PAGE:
|Back to Index|
SPAIN: Moorish Granada and Lorca
I always stand up for people I deem unjustly accused or insulted. John Heelan thinks the bourgeois of Granada, the target of Lorca's scathing remark, unworthy of my quixotic defense: "Prior to confirming your preference, it is perhaps worth reconsidering the context of Lorca's statement about the 1930s Granadine middle-class being the worst bourgeoisie in Spain", otherwise you might be unwittingly allying yourself with strongly right-wing, RC-dominated, homophobic and philistine community composed mainly of immigrants.:-) [I have not lived in Granada, so I cannot comment. I am surprised to hear Granada described as "mainly composed of immigrants". RH].
The statement came in an interview with the columnist Bagaría published in the newspaper El Sol, Madrid, 10th June 1936, some two months before his death. Bagaría asked Lorca his views on the fall of Granada to the Catholic Kings in 1491. [The army of Boabdil was defeated in 1491. The Spanish army entered Granada on January 2, 1492. All Europe rejoiced. RH.].
Lorca replied: "It was a disastrous event, even though they say the opposite in the schools. An admirable civilization, and a poetry, architecture and delicacy unique in the world- all were lost, to give way to an impoverished, cowed town, a wasteland populated by the worst bourgeoisie in Spain". [The reference to schools beings us back to our history textbook project. The official version was that the expulsion of the Arabs represented the final liberation of Europe from the Moorish invaders. Lorca's describing the civilization of Granada as unique in the world is a gross exaggeration. It is true that the city declined badly after the conquest. RH.].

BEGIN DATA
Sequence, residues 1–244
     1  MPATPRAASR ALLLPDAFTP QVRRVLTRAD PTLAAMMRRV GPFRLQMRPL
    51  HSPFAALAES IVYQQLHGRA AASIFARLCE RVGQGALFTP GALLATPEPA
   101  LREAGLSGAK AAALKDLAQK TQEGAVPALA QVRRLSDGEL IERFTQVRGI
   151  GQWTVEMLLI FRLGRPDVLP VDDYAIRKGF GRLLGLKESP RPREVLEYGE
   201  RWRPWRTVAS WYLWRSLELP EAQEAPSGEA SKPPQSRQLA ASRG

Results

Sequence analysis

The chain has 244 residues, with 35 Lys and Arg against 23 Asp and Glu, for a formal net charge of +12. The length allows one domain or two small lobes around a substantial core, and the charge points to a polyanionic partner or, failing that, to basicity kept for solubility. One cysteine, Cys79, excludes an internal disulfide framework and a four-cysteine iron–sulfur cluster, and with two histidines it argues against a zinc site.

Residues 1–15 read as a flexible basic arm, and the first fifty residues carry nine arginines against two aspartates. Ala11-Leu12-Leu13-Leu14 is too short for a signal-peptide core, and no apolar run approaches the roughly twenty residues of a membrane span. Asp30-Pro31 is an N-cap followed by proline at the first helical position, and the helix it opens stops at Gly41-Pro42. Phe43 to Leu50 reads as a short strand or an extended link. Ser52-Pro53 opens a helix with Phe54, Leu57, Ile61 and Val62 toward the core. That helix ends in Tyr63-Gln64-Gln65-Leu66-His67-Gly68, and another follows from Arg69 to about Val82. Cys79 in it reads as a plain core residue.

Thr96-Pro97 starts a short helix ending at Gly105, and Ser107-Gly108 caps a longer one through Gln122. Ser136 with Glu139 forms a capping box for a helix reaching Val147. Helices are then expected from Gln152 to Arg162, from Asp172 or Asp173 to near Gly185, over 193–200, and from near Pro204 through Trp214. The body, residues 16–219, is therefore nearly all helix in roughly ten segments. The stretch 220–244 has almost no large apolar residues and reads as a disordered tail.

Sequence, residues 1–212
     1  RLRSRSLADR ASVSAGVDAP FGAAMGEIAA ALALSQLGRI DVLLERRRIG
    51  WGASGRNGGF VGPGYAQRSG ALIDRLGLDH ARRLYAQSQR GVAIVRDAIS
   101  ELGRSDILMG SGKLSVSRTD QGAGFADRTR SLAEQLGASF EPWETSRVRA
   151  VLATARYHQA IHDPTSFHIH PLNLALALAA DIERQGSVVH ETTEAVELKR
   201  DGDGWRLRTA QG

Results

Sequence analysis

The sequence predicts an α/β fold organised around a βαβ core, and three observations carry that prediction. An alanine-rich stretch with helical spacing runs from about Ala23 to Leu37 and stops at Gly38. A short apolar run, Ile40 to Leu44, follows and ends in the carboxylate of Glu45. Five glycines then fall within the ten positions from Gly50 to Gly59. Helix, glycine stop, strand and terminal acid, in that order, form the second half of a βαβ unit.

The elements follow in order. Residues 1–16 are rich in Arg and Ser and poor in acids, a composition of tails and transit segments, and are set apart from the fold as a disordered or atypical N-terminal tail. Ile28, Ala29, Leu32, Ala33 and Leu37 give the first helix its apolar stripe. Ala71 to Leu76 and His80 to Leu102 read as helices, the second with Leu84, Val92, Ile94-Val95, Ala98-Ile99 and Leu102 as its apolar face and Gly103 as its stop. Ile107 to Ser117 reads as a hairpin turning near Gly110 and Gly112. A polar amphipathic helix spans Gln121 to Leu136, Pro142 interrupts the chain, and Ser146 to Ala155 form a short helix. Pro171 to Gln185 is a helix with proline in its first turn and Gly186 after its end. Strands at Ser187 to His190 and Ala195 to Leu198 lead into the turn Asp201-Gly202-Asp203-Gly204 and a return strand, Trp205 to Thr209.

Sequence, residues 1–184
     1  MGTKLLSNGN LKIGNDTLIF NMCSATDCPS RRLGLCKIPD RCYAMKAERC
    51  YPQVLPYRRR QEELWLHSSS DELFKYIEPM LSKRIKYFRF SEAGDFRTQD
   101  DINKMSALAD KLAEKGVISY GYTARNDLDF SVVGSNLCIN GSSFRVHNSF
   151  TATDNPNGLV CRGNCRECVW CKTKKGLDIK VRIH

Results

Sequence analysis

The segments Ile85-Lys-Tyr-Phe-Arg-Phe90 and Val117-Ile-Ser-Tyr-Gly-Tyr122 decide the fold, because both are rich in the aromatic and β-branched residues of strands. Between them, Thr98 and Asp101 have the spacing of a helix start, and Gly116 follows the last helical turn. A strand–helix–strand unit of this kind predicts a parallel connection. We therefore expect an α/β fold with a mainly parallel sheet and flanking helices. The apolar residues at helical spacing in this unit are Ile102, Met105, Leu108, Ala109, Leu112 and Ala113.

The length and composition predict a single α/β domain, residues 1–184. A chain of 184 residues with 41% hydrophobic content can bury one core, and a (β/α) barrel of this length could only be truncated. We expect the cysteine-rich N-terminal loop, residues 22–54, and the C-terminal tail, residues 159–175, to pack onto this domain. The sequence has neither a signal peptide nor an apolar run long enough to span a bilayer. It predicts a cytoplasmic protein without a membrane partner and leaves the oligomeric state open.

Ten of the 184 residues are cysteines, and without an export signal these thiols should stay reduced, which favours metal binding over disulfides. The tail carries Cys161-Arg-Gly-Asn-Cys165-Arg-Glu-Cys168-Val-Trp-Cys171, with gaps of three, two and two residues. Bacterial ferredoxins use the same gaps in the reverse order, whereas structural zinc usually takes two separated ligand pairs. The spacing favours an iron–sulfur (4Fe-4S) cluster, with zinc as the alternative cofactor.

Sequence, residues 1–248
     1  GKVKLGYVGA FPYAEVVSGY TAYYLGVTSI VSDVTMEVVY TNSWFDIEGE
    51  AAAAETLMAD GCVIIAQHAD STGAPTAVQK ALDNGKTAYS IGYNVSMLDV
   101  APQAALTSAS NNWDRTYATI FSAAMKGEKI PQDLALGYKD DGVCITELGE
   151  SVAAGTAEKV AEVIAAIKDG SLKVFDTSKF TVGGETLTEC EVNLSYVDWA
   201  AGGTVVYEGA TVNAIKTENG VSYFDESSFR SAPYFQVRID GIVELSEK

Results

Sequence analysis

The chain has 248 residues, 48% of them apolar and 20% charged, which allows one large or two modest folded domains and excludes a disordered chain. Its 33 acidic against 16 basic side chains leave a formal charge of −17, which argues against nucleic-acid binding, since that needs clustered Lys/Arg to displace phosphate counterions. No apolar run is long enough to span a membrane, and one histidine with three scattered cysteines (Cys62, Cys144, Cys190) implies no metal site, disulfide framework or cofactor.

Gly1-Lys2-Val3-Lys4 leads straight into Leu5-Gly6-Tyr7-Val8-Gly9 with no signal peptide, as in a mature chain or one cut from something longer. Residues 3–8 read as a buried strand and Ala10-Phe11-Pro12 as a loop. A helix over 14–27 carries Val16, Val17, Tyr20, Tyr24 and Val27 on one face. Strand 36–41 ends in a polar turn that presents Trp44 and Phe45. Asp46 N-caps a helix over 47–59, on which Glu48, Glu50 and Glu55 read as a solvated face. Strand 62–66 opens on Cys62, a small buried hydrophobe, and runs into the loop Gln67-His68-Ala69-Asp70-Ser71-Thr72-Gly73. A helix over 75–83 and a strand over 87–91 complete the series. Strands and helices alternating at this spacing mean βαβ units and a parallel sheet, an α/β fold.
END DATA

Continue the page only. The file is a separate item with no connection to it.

Thus Lorca had angered the Granadine middle class, who formed the bulk of the local Falange and who already were disgusted by his homosexuality and were perhaps jealous of his success. He had alienated the Roman Catholic Church not only by being gay (overtly in his later years and thus a threat to the still closeted members of Granada's gay community) but also by his works, especially his poem "Ode to the Holy Sacrament" and his plays "Blood Wedding" and "Yerma". His close relationship with the loathed Republican government minister, Fernando de los Rios and the Republican Prime Minister, Manuel Azaña clearly had infuriated the right-wing politicians of Granada, who had recently won the local election only to see it annulled by the Córtes in Madrid. As Gibson points out: "In Granada in August 1936 a person with Lorca's reputation and friends could not expect to escape death" (Gibson 1987, p.180). [I knew Fernando de los Ríos when he was Minister of Education and later Ambassador to France. A pleasant, mild person, it was he who promoted the Moorish tradition of Granada. Since Franco, the pro-Moorish group in Granada have disrupted the annual ceremony celebrating the Spanish conquest. Since Franco, the Spanish government has tried to promote both cultures in Granada, thus reviving the plan of Fernando de los Ríos to tmake Granada a center for the study of the Arab world. Azaña infuriated the Catholic Church by boasting that Spain had ceased to be Catholic. My criticism of Azaña is that his indecisiveveness was one cause of the Civil War. I have no opinion of the annulment of the Granada elections. RH].
To my comment that "I can't understand why women fell for him", John replies: "Possibly for the same reason they fall for other gay men, a mixture of potential platonic friendship without sexual overtones or competition and an onrush of the mothering instinct for which gay men often display a deep need?" As for my story that a woman rebuffed by him committed suicide, John says he had not heard it. I read it in a reliable source. I must find it.
John does not mention Granada's gypsies or the bullfights, beloved by Lorca, who wrote a famous poem on the death of a bullfighter "at five in the afternoon". The argument about Lorca is important as the epitome of the history of modern Spain.
Ronald Hilton - 12/22/01